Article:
Red Hotts were better than your average cover band, but there really wasn’t anything else that wowed me about this band. I didn’t get the same amount of creativity like I got from The Brass Cadillacs or the showmanship from My Hero Zero or the Rockets. I recognized their talent, but just couldn’t get into it.
SouthPaw genuinely killed it. This band was loud, energetic, and funny, which is everything you could ask of a THON cover band.
We though its setlist was a little bland, though — for every unique song by The Fray, you had a “Mr. Brightside” sprinkled in. Even so, tracks like “Beverly Hills” by Weezer really got the BJC going.
These guys played “I Found A Way” — the theme song of Nickelodeon’s Drake and Josh. How could SouthPaw not earn a place in our hearts after that? We also really enjoyed its take on “Ocean Avenue” by Yellow Card. It’s played to oblivion by almost every bar band, but we found SouthPaw gave the track a new lease on life.
This group could’ve been ranked much higher if it went for some more unique covers, but in its defense, cover bands are always dependent on crowd pleasers.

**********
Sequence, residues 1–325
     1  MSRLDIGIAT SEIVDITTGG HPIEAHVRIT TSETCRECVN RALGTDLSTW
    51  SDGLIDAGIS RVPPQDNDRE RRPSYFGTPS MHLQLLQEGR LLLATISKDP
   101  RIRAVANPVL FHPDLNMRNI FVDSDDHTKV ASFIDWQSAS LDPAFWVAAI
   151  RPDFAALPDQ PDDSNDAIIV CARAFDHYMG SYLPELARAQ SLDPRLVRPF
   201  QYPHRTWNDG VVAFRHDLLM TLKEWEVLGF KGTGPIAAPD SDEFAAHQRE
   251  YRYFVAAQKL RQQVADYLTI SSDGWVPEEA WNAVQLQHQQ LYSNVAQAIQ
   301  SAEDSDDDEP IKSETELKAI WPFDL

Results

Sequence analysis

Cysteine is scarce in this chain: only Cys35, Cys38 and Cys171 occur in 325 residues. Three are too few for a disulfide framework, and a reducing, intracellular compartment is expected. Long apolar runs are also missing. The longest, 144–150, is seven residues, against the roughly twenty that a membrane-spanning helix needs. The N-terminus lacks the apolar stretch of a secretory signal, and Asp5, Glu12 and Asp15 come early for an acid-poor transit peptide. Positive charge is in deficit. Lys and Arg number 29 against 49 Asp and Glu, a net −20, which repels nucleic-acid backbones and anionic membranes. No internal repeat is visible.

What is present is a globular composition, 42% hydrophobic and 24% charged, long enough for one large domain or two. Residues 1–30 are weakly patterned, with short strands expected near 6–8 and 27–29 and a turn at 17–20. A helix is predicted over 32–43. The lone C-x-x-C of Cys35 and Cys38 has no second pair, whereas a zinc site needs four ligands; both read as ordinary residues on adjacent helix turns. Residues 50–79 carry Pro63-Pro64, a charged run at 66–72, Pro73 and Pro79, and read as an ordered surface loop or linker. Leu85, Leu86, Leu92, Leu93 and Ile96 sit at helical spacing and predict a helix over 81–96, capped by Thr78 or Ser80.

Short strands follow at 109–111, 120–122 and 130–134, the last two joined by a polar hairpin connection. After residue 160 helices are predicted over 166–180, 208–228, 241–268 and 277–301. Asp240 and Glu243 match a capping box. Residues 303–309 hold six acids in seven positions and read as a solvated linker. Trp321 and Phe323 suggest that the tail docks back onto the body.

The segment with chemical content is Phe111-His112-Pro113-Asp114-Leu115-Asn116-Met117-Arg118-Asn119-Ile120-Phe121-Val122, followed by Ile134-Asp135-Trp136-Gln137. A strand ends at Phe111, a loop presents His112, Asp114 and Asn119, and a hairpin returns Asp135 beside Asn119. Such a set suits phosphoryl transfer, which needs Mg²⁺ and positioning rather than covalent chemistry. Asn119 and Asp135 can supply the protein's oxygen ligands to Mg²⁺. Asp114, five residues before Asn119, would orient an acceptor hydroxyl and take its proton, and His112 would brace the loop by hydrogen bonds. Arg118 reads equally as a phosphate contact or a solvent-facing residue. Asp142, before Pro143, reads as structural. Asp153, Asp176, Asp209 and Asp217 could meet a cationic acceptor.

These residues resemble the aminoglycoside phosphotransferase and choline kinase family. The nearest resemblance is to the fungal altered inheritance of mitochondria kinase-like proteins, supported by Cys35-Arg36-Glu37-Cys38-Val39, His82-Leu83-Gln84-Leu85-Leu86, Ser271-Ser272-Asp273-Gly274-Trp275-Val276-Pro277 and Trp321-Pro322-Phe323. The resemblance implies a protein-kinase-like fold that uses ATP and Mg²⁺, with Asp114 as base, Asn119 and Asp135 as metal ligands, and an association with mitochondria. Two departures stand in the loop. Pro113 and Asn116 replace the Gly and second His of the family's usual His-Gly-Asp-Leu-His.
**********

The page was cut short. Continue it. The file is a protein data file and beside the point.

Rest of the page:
While good horn playing is a cornerstone of any ska band, The Brass Cadillacs really kicked things up a notch. The BJC needed a dose of this band at 2 a.m. Sunday to wake up.
Brass instruments aside, these guys were really good. The setlist was varied, and each cover had the band’s little ska touch. The biggest highlight was the four song stretch of “Blister In The Sun” by the Violent Femmes, “Come On Eileen,” “Take On Me,” and “99 Luftballoons.” All four of these were done so well with additions to make these songs the band’s own.
They also balanced the nostalgia factor well, going back to old 2000s hits like “Sk8er Boi” by Avril Lavigne and “Dirty Little Secret” by The All-American Rejects.